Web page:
NEW YORK — Sticking to his deadline, NBA Commissioner David Stern erased the first two weeks of the season after negotiations failed to produce a new labor deal and warned that more games were in jeopardy of being cut.
"With every day that goes by, I think we need to look at further reductions in what's left of the season," Stern said.
The cancellations mark the NBA's first work stoppage since the 1998-99 season was reduced to 50 games.
"The gap is so significant that we just can't bridge it at this time," Stern said. "We certainly hoped it would never come to this."
Union president Derek Fisher agreed, emphasizing that missing any games puts the season in jeopardy.
"This is not where we choose to be," he said. "We're not at a place where a fair deal can be reached with the NBA."
Stern said last week he would cancel the first two weeks of the season Monday without a new collective bargaining agreement. Top negotiators for both sides met for more than seven hours Monday, the longest session to date, after bargaining for more than five hours Sunday. The two sides expect to remain in contact, but no additional formal talks have been scheduled.
Stern said both sides are "very far apart on virtually all issues. ... We just have a gulf that separates us."
Opening night was scheduled for Nov. 1, and the cancellation includes all games scheduled to be played through Nov. 14 — exactly 100 games. Affected arenas have been authorized to release dates for those dates.
Based on last year's average announced attendance leaguewide (just over 17,300 per game) and the average ticket cost last season, those now-canceled 100 games represent nearly $83 million in lost ticket sales — before the first concession or souvenir is sold and before the first car pays to park.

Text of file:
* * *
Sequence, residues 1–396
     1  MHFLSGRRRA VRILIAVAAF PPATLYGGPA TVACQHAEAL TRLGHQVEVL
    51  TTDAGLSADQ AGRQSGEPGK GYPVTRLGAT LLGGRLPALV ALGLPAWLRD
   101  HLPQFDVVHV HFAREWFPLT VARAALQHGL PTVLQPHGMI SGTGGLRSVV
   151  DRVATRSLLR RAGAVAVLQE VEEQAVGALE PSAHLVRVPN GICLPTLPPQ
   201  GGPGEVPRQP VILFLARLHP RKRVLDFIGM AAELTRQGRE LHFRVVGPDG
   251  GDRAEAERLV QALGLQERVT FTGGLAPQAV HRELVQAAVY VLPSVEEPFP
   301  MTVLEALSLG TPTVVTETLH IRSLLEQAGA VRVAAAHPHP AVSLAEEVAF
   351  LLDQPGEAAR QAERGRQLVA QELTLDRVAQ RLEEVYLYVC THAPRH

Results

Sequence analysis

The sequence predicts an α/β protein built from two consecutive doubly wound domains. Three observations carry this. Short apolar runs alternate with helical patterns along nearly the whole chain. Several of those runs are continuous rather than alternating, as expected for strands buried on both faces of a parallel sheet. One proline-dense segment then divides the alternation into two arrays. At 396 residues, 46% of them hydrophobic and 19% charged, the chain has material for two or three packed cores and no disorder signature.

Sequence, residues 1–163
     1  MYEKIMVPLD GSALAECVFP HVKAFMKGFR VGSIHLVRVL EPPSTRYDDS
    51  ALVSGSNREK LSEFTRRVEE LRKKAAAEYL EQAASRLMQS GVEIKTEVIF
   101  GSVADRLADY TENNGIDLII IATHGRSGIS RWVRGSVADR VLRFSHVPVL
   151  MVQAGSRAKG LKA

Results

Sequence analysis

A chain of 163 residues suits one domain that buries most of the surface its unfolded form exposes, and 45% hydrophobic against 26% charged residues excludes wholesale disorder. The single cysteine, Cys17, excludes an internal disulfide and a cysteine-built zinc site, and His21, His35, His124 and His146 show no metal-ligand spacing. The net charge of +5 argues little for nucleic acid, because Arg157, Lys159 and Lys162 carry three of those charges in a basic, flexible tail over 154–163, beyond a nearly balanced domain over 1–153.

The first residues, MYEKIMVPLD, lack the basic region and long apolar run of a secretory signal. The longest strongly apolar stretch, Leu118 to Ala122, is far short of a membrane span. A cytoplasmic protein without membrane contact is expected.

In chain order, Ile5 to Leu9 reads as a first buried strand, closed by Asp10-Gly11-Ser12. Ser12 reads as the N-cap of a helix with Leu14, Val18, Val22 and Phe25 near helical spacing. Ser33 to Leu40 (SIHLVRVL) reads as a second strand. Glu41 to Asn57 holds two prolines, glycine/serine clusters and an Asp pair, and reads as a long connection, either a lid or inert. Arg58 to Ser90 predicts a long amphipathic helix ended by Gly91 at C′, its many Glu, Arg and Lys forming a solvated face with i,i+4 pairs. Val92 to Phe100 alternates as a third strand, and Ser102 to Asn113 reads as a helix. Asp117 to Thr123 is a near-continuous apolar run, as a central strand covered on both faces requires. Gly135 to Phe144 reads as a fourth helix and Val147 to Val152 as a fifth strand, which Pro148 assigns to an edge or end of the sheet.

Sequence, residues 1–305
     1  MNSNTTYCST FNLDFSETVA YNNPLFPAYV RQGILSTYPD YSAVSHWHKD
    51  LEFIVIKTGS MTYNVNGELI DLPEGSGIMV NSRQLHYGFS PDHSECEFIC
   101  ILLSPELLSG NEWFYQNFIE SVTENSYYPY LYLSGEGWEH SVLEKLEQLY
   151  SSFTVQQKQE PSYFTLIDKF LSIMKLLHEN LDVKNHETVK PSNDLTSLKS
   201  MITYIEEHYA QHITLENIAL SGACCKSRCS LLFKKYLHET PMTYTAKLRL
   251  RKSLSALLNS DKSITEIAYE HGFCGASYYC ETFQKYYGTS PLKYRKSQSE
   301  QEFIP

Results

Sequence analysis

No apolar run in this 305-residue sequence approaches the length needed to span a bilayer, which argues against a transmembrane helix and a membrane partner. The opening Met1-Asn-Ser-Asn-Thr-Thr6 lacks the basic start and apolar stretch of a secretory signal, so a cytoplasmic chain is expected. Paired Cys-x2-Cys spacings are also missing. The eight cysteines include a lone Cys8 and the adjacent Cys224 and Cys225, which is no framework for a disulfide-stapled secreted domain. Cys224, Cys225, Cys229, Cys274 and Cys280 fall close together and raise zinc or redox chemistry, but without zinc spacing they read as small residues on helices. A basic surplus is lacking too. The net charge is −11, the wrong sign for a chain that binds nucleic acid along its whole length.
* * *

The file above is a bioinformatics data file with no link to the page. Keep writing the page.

With another work stoppage, the NBA risks alienating a fan base that sent the league's revenues and TV ratings soaring during the 2010-11 season. And the cost of cancellations would be staggering. Deputy Commissioner Adam Silver said the league would lose hundreds of millions of dollars, while union executive director Billy Hunter estimated players' losses at $350 million for each month they were locked out.
Now ushers, security personnel, parking lot attendants, concession workers, restaurant employees and others all stand to have their hours cut or join the country's 14 million unemployed. A few teams also have either trimmed their staffs or instituted sharp pay cuts — some did that as the lockout began — and more layoffs could be forthcoming.
Hunter said he didn't think the full season was in jeopardy yet and stressed it would be a mistake for the NBA to risk it coming off a season when revenues and TV ratings soared.
"I think it would be foolish for them to kill the season, and we're coming off the best season in the history of the NBA and I'm not so sure in this kind of economy that if there is a protracted lockout whether the league will recover," he said. "It took us a while to recover from the '98 lockout, and I think it will take us even longer to recover this time around."
For the second straight day the sides focused on salary cap system issues instead of the division of revenue split.
Stern said the players still proposed they get 53 percent of revenues, whereas the league proposed they get 47 percent. The two sides had discussed a 50-50 split last week but only in informal discussions.
Both sides stressed it was the system issues, not the revenue split, that turned out to be the larger obstacle Monday.
Stern said he felt the league had made serious concessions on the system — withdrawing its demands for non-guaranteed contracts and what they considered a hard salary cap. Players, however, insisted the league's idea of strengthening the luxury tax would have acted as hard cap, scaring too many teams from spending above the cap level.